- About biosystematics: "For example, naturalists assume randomness and universal common descent." It's unclear what he means by "randomness." Nor is universal common descent an assumption; there is much evidence for it.
- "[T]here is still not enough knowledge about biochemistry to draw conclusions regarding the biological history and taxonomy of organisms." Only if you are a denialist.
- "The fact that naturalists have a hard time connecting all reptiles to one or a few common ancestors suggests that they are not all related to one another, but instead were created separately according to their kind." Like, dinosaurs and other prehistoric reptiles? There is plenty in the literature about the evolution of reptiles.
Please, stop lying about the science, Hennigan.
- Andrew Snelling, March 5, 2014
More of Snelling's much debunked radiohalo research.
- Danny Faulkner, March 19, 2014
This is an ill-timed article by Danny Faulker, coming right around the time of the detection of gravitational waves as evidence for the Big Bang (complete with Faulker's ineffective rebuttal: there might be problems). In addition, it's predominately a red herring: The cosmic background radiation might be local. As per usual, Faulkner does not explain why the cosmic background radiation is consistent with a recent creation, which Faulkner admits:
“”The recent creation model needs a plausible explanation for the CMB, but recent creationists have yet to suggest one. The proposals to date, emission from dust and an appeal to Eddington’s calculation, are inadequate. Creationists are cautioned to critique properly work on the CMB as evidence for the big bang model. Further work on the CMB within the recent creation model would be most valuable. And we should have the goal of developing a plausible alternate explanation of the CMB within the recent creation paradigm.
- Jeffrey P. Tomkins, April 2, 2014
What we can conclude from this paper:
- Tomkins seems obsessed with the percentage similarities between humans and apes, and yet evolutionary biologists still don't seem bothered.
- Tomkins can claim the same argument from ignorance that ID proponents can, and yet cannot provide a real model of his own other than "God did it." Certainly there is no model consistent with the positive creationists claims.
- Andrew Snelling, April 16, 2014
Part of Snelling's explanation for why meteorites appear old: God put some of the decayed nuclei there. Tricky God. Or they decayed really fast (and fried up the Garden of Eden?).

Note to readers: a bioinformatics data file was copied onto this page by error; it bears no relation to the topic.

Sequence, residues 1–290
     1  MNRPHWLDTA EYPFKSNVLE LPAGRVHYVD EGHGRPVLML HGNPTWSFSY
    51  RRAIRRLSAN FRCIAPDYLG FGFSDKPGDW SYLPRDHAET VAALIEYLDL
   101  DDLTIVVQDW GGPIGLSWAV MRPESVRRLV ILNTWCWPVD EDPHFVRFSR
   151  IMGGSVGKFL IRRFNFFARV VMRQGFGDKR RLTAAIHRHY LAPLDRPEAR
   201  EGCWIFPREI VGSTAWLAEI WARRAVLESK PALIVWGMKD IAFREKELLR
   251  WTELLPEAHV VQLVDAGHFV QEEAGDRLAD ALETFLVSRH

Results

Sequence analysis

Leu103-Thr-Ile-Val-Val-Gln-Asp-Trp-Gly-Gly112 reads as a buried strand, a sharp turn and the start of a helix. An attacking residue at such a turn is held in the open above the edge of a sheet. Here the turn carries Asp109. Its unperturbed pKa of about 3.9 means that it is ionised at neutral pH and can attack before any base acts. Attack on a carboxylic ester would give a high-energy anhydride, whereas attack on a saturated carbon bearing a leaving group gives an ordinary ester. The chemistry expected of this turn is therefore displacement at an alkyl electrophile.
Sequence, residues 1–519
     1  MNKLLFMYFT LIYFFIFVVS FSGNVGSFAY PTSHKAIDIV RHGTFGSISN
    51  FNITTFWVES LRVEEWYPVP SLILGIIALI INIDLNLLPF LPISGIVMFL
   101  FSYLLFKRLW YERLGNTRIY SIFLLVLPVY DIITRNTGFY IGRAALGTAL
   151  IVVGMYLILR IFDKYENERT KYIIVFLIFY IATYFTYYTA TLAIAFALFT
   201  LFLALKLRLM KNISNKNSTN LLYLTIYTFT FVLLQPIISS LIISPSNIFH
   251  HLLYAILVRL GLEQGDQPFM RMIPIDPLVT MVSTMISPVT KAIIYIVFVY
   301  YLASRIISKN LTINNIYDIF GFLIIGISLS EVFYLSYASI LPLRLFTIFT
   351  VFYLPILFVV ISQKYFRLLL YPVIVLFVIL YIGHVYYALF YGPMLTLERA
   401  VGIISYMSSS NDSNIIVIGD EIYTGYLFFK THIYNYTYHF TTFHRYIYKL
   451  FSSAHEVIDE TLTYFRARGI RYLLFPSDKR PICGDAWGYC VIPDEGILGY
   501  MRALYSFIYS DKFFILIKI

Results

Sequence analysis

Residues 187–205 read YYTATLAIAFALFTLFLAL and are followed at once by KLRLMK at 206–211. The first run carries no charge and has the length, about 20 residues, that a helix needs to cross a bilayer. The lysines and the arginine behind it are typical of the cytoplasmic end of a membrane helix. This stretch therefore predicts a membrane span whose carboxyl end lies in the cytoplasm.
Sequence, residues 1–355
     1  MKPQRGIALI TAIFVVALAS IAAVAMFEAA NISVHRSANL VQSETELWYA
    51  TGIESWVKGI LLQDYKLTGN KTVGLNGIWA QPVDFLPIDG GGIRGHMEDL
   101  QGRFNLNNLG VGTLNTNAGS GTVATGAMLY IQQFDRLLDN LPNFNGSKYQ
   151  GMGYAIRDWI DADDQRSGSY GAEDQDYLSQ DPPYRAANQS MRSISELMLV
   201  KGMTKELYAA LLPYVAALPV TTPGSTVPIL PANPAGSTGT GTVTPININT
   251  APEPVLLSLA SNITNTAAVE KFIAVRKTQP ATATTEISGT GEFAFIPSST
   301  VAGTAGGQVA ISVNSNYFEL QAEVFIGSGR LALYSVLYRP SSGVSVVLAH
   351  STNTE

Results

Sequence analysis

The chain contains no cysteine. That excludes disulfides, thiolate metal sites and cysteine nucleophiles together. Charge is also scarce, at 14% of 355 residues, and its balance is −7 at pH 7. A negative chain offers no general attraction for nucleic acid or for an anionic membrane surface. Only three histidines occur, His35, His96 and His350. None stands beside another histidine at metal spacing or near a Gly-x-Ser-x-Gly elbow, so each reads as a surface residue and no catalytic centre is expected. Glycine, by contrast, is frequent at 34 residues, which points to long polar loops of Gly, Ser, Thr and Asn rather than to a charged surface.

- Danny Faulkner, April 30, 2014
Danny Faulkner writes an entirely unnecessary review of stellar nucleosynthesis, just to provide a swipe at the end that it has explanatory power, but no predictive power. (How do astronomers continue to study it then, Danny?) Then he claims that creationists need a model. Gee, Danny, think that the creationists need a model with explanatory AND predictive power? And how about doing some science?
- Andrew Mark Sibley, May 14, 2014
- Callie Joubert, May 28, 2014
Psychiatry is facing a crisis because it conflicts with the Book of Genesis. Since scientific discoveries in psychiatry problem areas are consistent with the teachings of the Scripture, Joubert postulates that it would be "wise" if psychiatry practitioners accept the Bible as "serious on all matters about which it speaks."
- Callie Joubert, June 11, 2014
- Danny R. Faulkner, June 25, 2014
- Steven W. Boyd, August 6, 2014
- Andrew A. Snelling, August 20, 2014
- Jake Hebert, August 27, 2014
- Andrew A. Snelling, September 3, 2014
- Wayne Spencer, September 10, 2014
- M. R. Ross, September 17, 2014
- John G. Hartnett, September 24, 2014
- David A. McGee, October 1, 2014
- Callie Joubert, October 15, 2014
- Randy J. Guliuzza, October 29, 2014
- Randy J. Guliuzza, October 29, 2014
- Randy J. Guliuzza, November 5, 2014
- Nathaniel Jeanson, November 5, 2014
- John G. Hartnett, November 13, 2014
- John G. Hartnett, November 19, 2014
- Danny R. Faulkner, November 19, 2014
- M. Aaron, November 26, 2014
- Andrew A. Snelling, December 3, 2014
- John H. Whitmore, Raymond Strom, Stephen Cheung, and Paul A. Garner, December 10, 2014
- Andrew A. Snelling, December 31, 2014
This third paper documents the radioisotope dating data for more meteorites, so as to continue the discussion of the significance of these data.